The causes of maternal mortality and morbidity are no mystery. Women die and suffer debilitating disease and injury during pregnancy and childbirth because they bleed to death, acquire infections, have underlying but treatable health conditions, or obtain unsafe abortions.
The keys to improving maternal health are equally clear. Family planning information and services must be available and affordable to girls, adolescents, and women without discrimination or stigma. Pregnant women must have timely access to quality, respectful care before, during, and after childbirth. Abortions must be made safe and legal, and post-abortion care must be fully integrated into health systems. When women’s roles and contributions are valued, and their rights are recognized, maternal health programming and services will receive significant and enduring benefits.
Although valuable data about maternal health is being produced, and increasingly is being used to drive policy decisions, there has been a tendency to focus attention too narrowly on the perinatal period and the obstetric causes of death rather than on the social, political, and legal environments that endanger women’s health. This report examines the upstream threats to women and girls: the obstacles to accessing proper care and the structures that keep women from exercising their rights.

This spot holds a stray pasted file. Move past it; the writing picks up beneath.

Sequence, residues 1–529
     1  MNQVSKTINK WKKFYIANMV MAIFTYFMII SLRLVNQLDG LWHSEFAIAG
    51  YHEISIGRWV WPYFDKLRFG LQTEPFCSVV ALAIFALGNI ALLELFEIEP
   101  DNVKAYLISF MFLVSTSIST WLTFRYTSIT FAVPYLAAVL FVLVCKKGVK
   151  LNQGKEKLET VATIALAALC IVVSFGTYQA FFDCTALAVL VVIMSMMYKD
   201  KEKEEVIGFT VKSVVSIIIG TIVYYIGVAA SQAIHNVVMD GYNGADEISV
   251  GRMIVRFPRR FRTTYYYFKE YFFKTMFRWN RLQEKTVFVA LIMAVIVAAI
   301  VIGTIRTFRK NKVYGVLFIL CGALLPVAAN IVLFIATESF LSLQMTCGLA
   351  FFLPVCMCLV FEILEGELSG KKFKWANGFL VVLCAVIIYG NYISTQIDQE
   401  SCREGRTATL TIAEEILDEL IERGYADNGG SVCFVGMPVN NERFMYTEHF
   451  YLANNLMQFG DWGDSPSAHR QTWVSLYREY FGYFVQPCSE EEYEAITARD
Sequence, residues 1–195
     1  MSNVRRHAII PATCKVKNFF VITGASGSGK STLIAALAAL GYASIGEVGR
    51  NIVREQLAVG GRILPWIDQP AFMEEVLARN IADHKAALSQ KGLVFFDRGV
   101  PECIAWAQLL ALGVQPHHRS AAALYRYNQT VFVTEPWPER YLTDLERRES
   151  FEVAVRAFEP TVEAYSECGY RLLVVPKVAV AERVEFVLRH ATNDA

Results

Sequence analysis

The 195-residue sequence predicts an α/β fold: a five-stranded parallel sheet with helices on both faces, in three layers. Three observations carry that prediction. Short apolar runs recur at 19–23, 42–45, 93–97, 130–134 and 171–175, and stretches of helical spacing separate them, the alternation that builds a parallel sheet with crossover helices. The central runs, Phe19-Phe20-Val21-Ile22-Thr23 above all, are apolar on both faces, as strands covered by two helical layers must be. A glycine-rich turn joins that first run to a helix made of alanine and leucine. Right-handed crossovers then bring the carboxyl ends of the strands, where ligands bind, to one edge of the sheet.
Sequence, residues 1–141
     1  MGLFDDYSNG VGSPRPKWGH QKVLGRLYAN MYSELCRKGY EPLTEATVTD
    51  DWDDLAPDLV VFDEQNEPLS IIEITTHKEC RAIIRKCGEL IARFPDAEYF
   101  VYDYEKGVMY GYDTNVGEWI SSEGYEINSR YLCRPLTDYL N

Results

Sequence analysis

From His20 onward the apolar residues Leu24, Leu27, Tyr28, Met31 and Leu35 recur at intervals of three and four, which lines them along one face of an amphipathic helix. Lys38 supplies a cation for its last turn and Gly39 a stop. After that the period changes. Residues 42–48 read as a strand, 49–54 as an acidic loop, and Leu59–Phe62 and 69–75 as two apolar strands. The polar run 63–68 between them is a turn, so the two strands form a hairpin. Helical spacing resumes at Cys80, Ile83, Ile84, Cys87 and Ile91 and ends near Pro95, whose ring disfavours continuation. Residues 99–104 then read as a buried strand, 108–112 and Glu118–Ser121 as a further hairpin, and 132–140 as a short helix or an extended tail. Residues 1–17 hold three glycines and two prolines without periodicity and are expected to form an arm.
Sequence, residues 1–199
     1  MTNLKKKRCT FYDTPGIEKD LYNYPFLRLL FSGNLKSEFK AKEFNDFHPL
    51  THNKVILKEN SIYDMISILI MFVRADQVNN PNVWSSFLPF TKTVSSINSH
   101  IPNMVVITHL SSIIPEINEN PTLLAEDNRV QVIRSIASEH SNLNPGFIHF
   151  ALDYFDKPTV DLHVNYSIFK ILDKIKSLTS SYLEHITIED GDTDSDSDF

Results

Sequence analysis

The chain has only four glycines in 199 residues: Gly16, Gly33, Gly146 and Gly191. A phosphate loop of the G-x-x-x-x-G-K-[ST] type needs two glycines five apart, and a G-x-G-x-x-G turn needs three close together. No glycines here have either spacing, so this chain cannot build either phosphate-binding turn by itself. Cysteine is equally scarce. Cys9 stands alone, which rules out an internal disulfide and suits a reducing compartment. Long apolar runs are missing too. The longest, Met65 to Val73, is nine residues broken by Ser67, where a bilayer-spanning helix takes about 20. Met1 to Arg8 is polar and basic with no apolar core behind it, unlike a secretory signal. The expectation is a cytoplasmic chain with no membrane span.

While the international community has prioritized maternal health through its Call to Action for ending preventable child, maternal, and newborn deaths, and the United States Agency for International Development (USAID) has issued a Vision for Action that recognizes many of the key barriers to progress, there has been little consideration of the donor systems and policies that undermine and contradict program goals. We hope this report will open a conversation about how those systems and policies can be strengthened.
This report is based on a review of published literature, accompanied by candid, not-for-attribution interviews with policymakers and practitioners from the U.S. government, non-profit partners, and advocacy organizations. Based on these interviews and studies, CHANGE identifies six policy challenges requiring attention from Congress and the Administration.
Improvements in U.S. policy and programming will not solve all the problems that make pregnancy and childbirth so dangerous for women around the world. However, they will ensure that U.S. resources are targeted effectively and used efficiently to empower women to seek and receive the care they need.